Talk about a horrific and ridiculous double-standard.

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Smashing Myths: Southern States and Nullification

Slavery was a morally corrupt and abhorrent institution that should have never existed.

No question. No debate.

Now that we have that out of the way, let’s talk about nullification’s history in the Southern states prior to the Civil War.

Over time, a Paul Bunyan type myth has grown suggesting that the Southern states were strong advocates of nullification as a means to protect their institution of slavery. In 2011, Rachel Maddow presented a news segment on her show about nullification. She stated that John C. Calhoun was a proponent of both slavery and nullification, more than implying the two are linked.

If that was the case, it would be pretty gross.

But it’s not.

Southern states never attempted to nullify anything in defense of slavery.

There is no dispute that Calhoun defended slavery. He was a slaver. In that sense, he’s a reprehensible character. And he also advocated for nullification.

However, Calhoun didn’t suggest using nullification as a means to maintain slavery. During the Nullification Crisis, Calhoun advocated the nullification doctrine as a means to protect Southern states against high tariffs that were impacting the Southern exports. Again, he advocated nullification against tariffs not for the promotion of slavery. During her televised segment, Maddow never mentioned the word, “tariffs.” Not once.

To demonize nullification because a slaver advocated the principle for something unrelated to slavery is nothing more than a textbook ad hominem attack.

If you bought into that false narrative, you should be forgiven. After all, conventional wisdom links the two. But now you know the truth. And if your mistaken perception that nullification was all about slavery led you to abhor the doctrine, the actual history of nullification should lead you to embrace the principles with abandon!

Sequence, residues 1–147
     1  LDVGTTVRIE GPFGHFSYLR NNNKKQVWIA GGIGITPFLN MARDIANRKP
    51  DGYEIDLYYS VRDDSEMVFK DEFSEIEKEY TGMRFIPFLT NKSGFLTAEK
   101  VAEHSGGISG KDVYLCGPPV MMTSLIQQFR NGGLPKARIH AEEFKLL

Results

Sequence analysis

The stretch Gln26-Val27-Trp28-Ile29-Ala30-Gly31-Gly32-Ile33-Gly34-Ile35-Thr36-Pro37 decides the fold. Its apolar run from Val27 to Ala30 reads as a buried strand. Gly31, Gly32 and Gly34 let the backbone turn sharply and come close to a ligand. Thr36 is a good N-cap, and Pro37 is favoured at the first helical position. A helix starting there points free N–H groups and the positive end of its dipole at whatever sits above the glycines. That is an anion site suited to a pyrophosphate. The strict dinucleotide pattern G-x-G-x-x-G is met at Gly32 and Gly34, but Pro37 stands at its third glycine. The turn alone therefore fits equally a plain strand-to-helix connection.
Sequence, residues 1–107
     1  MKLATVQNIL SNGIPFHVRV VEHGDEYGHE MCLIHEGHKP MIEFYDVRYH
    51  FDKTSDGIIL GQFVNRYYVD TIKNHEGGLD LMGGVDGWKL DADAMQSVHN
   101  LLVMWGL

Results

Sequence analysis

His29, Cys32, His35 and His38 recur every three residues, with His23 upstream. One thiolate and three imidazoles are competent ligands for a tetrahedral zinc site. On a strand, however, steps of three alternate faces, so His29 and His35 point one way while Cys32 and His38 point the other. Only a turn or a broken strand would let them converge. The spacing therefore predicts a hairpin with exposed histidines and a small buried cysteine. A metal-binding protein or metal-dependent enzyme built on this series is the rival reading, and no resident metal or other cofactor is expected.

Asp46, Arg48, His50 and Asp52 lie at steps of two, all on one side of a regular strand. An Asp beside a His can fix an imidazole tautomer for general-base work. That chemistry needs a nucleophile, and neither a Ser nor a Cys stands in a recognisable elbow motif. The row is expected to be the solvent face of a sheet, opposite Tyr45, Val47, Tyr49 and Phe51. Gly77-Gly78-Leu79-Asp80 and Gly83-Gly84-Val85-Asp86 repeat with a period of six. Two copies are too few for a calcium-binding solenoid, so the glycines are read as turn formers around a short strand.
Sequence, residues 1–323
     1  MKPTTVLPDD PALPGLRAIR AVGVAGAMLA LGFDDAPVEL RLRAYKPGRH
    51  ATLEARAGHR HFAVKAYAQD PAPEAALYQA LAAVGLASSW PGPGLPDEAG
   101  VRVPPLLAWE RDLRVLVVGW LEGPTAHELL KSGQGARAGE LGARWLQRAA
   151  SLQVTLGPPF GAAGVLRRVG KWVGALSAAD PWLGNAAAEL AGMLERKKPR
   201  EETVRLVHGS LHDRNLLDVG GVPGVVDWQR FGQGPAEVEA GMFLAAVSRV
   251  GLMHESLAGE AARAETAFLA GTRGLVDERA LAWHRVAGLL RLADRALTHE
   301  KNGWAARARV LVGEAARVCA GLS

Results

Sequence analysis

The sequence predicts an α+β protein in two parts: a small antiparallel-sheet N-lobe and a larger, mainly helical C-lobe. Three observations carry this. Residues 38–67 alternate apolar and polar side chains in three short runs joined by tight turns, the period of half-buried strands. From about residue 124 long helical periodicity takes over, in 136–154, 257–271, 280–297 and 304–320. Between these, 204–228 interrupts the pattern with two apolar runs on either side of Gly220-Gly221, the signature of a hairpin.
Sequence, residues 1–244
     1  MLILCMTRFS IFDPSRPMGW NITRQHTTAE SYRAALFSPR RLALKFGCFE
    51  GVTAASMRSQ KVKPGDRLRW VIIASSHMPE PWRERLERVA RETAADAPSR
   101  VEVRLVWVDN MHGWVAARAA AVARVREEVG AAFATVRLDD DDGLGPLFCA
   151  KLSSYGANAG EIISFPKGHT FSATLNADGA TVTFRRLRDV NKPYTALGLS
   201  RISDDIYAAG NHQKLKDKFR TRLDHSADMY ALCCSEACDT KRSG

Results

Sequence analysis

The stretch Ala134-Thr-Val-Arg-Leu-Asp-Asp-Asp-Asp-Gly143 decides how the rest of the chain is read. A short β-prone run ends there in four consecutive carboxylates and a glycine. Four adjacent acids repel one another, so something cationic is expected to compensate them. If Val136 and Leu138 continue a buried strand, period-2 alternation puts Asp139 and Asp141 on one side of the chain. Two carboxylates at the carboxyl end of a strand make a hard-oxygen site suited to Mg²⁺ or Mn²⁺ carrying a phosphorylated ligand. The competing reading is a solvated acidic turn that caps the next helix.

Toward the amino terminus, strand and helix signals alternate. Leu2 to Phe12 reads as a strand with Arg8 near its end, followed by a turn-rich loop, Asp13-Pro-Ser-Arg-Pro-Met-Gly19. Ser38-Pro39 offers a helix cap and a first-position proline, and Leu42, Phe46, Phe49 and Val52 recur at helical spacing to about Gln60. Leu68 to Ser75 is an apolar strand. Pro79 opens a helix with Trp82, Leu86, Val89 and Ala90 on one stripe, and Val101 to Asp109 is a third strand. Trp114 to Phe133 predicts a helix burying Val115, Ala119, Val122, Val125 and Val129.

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Liberty’s Backlash

Last week, Justin Amash, the two-term libertarian Republican congressman from Michigan, joined with John Conyers, the 25-term liberal Democratic congressman from the same state, to offer an amendment to legislation funding the National Security Agency (NSA). If enacted, the Amash-Conyers amendment would have forced the government’s domestic spies when seeking search warrants to capture Americans’ phone calls, texts and emails first to identify their targets and produce evidence of their terror-related activities before a judge may issue a warrant. The support they garnered had a surprising result that stunned the Washington establishment.

It almost passed.

The final vote, in which the Amash-Conyers amendment was defeated by 205 to 217, was delayed for a few hours by the House Republican leadership, which opposed the measure. The Republican leadership team, in conjunction with President Obama and House Minority Leader Nancy Pelosi, needed more time for arm-twisting so as to avoid a humiliating loss.

But the House rank-and-file did succeed in sending a message to the big-government types in both parties: Nearly half of the House of Representatives has had enough of government spying and then lying about it, and understands that spying on every American simply cannot withstand minimal scrutiny or basic constitutional analysis.

The president is deeply into this and no doubt wishes he wasn’t. He now says he welcomed the debate in the House on whether his spies can have all they want from us or whether they are subject to constitutional requirements for their warrants. Surely he knows that the Supreme Court has ruled consistently since the time of the Civil War that the government is always subject to the Constitution, wherever it goes and whatever it does.

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‘Stupid’ ObamaCare Provision Offends America’s Highest Caste: Congress

by Michael Cannon, CATO Institute

ObamaCare’s gravest sin may be that it has offended America’s highest caste: members of Congress and their staffs. Thanks to an amendment by Sen. Chuck Grassley (R-IA), the law provides: